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Make the right choice

Make the right choice   | Photo Credit: Bhagya Prakash K

The time has arrived for lower income group and middle class citizens to decide on buying their dream home. By R.P. Deshpande

The common man had a huge expectation from the Union Budget 2017: that there will be drastic reduction in income tax rates and increase in the limit of deduction allowed for interest payment on home loans and increase in limits in Section 80C of IT Act and much more. This in view of Assembly elections in 5 States and after the hardships due to demonetisation. and But when the Budget was announced on February 1, there were no such populist measures.

Budget 2017 provided the much needed thrust to real estate by way of according infrastructure status to affordable housing, and increasing tax breaks for builders undertaking affordable housing projects. The inclusion of middle income group households (up to income of Rs. 1.5 lakh per month) for interest subsidy under CLSS (Credit Linked Subsidy Scheme) is a welcome decision. Reduction of individual income tax rates from 10% to 5% for income slab of Rs. 2.5 lakh to Rs. 5 lakh and indications of interest rates on home loans continuing their southward journey made many to assess whether finally the time has come to decide on their dream home.

Let us analyse whether it is the right time to buy your dream home.

As property prices have come down considerably, it could be the first and foremost factor that may influence your decision.

The second most influencing factor is the easy access to home loans, and the eligibility to get 80-85% of cost of property as loan. The interest on home loan and the transparency in charging interest over the repayment period are crucial.

Ups and downs

Interest rates on home loans in past 25 years have witnessed ups and downs ranging from as high as 17.5% to a low of 7.5% in 2004, and presently hovering at around 8.5% pa.

One can expect monetary transmission (decrease/increase of interest rate during repayment period, as and when RBI tweaks Repo rate, the rate at which RBI lends money to commercial banks) and transparency in charging interest rate under the regime of MCLR (Marginal Cost of funds based Lending Rate) method of fixing interest on home loans, which has come to effect from April 2016.

The next factor is the provisions made in Budget 2017. Let us see how the Budget is catalysing your decision to buy a home.

Although expected higher limits of tax deductions on interest payment and repayment of home loans were not accorded, reduction in tax rate on income from Rs. 2.5 lakh to Rs. 5 lakh from 10% to 5% is indirectly helping the home loan aspirants. Most assessees stand to save taxes amounting to more than Rs. 12,875 pa, which naturally increases their disposable income and in turn, the repayment capacity to be eligible for slightly higher home loan.

Another crucial factor is the recently announced revision in CLSS (Credit Linked Subsidy Scheme) under PMAY (Pradhan Mantri Awas Yojna), for first-time home buyers. Apart from much needed encouragement to lower strata of society (EWS – Economically Weaker Section and LIG – Lower Income Group), the CLSS has now included MIG (Middle Income Group) earning up to Rs. 1.5 lakh per month. Under the revised scheme, subsidy of 4% and 3% is paid for home loans up to Rs. 9 lakh and Rs. 12 lakh.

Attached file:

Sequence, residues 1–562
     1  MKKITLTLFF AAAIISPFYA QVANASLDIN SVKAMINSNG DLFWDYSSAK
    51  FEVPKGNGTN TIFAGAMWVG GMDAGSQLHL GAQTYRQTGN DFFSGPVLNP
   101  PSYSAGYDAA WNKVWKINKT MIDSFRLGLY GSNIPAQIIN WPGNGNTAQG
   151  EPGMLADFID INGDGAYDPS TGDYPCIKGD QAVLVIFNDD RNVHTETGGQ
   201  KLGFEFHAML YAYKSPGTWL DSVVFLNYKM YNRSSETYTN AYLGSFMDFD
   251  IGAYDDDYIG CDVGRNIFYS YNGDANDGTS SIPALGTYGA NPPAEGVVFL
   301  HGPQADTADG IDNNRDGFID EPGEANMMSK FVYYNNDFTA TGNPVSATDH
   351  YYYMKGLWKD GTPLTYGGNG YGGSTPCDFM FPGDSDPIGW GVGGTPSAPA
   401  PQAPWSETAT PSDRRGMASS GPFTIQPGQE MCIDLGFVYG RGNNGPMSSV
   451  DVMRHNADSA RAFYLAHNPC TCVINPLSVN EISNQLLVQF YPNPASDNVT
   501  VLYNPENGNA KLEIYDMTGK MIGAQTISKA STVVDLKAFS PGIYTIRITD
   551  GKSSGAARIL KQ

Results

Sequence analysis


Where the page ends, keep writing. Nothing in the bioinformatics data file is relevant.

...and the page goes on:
The beneficiary can get higher amount of loan, but subsidy will be limited to eligible loan amount. The existing benefits such as deduction up to Rs. 150,000 towards principal loan amount repayment under Sec 80C and deduction up to Rs. 200,000 towards interest paid under Sec 24 of IT Act will continue to be available to home loan borrowers.

The Net Present Value (NPV) of the interest subsidy for the entire repayment period (up to 20 years) will be calculated at a discount rate of 9% and credited upfront to the loan account of beneficiaries, thus reducing the loan amount resulting in lower EMIs (Equated Monthly Instalments), as detailed in the table.

Thus tax savings of more than Rs. 1,000 per month and subsidy of about Rs. 2,000 per month will increase the disposable income, which should encourage many middle class families to decide on buying their dream home. With increase in net income by more than Rs. 3,000 per month, the eligibility of home loan also increases considerably.


After demonetisation, there is enormous liquidity in the system and as such banks and other lending institutions are eager to deploy the surplus and for them, there cannot be a better option than advancing long-term home loans.

Hence interest rates on home loans are expected to reduce further. All borrowers who have opted for floating rate home loans will stand to gain much under MCLR regime.

As there is huge pile of housing stock with leading builders and developers across all major urban places, purchasers are in a commanding position for hard bargain and securing the best deal. As ready-to-occupy units are available at realistic prices, the purchaser is at an advantage, as he can mitigate normal risks which come along with projects under construction.

The situation of unsold inventory may not exist for too long, due to the fact that there has been drastic decline in new projects undertaken by builders and developers in the past 3 years. This factor is going to reduce the supply-demand gap in the near future, which may see increase in property prices.

In light of above factors, it may be opined that the time has come for lower income group and middle class citizens to decide on buying their dream home.

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Printable version | Jul 2, 2020 10:40:29 AM |

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